Less well known is DiLorenzo’s involvement with the Neo-Confederate League of the South. But it is not hard to find. For example, in a July 2011 essay in the League’s newsletter, The Magnolia, he defended it against the charge that it is a “hate group” as designated by the Southern Poverty Law Center. In the small world department, Michael Peroutka,( the 2004 presidential candidate of the Constitution Party, 2014 Republican nominee for County Council Maryland and a longtime member of the League of the South) once said of his fellow Neo-Confederate:
I read a lot of material, but Thomas DiLorenzo’s The Real Lincoln comes to mind. He makes a convincing case for the fact that slavery, however immoral, should have come to an end in the United States as it did in the rest of the Western, industrialized world-without a war. … As DiLorenzo puts it, Lincoln was the Great Centralizer and Consolidator of Federal power. Now we see the wholesale transfer of Federally usurped powers to the United Nations, the World Bank, the World Trade Organization, the Import-Export Bank, the Overseas Private Investment Corporation, NATO, and the like.
Peroutka not only references DiLorenzo’s works — he currently sells them via his web site — alongside a photo of the professor.
I asked John McKee Barr, author of Loathing Lincoln: An American Tradition from the Civil War to the Present about DiLorenzo’s appeal to the Confederate flag waving wing of the Religious Right. In an e-mail interview, Barr told me:
“Clearly, the idea that the Civil War was a theological war is a very old one and it continues in the writings of Lincoln’s critics today,”he observed. “…[I]n reviewing Ward Hill Lamon’s biography of Lincoln in the early 1870s Albert Taylor Bledsoe (a former friend of Lincoln’s and vociferous defender of secession) said that if the Union’s cause “was the cause of infidelity and atheism, and against the principles and the spirit of the Christian religion, then who more worthy to muster its motley hosts, and let them slip with the fury of the pit, than the low-bred infidel of Pigeon Creek, in whose eyes the Savior of the world was ‘an Illegitimate child,’ the Holy Mother as base as his own.” (p. 88-89 Loathing Lincoln).”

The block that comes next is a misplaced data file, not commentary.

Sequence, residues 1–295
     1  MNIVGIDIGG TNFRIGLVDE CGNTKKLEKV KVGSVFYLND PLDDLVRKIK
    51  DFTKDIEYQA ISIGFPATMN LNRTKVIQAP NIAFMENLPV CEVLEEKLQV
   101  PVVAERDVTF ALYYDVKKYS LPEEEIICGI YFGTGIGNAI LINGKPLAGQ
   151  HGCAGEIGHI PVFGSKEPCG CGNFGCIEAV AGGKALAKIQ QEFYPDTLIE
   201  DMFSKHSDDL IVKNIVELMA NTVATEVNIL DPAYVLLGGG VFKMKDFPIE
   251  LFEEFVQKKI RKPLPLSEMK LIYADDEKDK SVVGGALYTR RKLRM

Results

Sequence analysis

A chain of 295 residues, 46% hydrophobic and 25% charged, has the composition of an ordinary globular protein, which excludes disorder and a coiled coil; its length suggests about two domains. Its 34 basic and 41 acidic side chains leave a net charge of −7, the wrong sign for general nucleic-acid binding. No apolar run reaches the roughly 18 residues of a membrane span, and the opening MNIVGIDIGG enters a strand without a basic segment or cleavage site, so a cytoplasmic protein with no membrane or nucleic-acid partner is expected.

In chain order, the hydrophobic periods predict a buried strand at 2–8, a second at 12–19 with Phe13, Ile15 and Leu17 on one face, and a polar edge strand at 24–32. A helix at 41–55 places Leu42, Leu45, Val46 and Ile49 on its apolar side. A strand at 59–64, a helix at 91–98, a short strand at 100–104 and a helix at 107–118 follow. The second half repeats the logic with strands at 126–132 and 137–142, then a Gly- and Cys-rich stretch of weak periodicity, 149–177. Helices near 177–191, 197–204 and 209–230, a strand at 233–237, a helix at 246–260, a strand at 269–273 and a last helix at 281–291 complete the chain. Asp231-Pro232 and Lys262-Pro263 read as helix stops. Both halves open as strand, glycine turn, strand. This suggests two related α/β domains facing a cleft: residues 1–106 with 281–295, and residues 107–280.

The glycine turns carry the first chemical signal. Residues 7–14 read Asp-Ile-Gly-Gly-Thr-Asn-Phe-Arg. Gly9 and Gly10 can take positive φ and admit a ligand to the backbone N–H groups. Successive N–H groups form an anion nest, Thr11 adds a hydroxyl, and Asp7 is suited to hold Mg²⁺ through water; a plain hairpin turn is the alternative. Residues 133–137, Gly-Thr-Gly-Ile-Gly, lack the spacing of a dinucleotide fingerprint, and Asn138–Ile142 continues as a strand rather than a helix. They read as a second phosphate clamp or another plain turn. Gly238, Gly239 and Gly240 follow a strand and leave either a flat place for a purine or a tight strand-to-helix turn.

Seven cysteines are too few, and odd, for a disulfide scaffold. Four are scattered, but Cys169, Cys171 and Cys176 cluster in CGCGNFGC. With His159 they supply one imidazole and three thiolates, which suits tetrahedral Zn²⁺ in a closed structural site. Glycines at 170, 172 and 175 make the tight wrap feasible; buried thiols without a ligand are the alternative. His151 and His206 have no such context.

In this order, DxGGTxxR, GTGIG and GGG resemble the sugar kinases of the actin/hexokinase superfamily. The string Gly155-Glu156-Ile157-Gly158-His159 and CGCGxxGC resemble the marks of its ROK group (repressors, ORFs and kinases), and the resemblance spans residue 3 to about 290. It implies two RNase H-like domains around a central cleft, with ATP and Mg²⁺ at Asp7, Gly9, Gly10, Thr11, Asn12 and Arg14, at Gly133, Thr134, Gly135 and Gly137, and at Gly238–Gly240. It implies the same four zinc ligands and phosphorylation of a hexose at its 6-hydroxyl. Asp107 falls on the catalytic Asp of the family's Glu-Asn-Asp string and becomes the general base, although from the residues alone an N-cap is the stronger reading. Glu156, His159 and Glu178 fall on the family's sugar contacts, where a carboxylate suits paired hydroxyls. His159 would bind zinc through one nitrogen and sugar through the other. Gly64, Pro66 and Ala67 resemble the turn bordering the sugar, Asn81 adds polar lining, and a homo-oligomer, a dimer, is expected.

Barr explains that “while DiLorenzo emphasizes these things in his critique of the president,” it is his sense that DiLorenzo “stresses much more his belief that Lincoln was a tyrant, that Confederate secession was constitutional and thus the war was both immorally begun and conducted by the president, and that Lincoln was the founder of (I think these words are Murray Rothbard’s) ‘the warfare-welfare state.’”
Filed under: Catholic Right, Catholic social teaching, Religion and Politics | Tagged: Abbeville Institute, Abraham Lincoln, Andrew Napolitano, Austrian School economics, Ayn Rand, Catholic Neo-Confederatism, Catholic Right, John McKee Barr, Laissez-Faire Christian Economics, libertarian economics, Loathing Lincoln, Michael Peroutka, Ron Paul, secession, Thomas DiLorenzo | Leave a comment »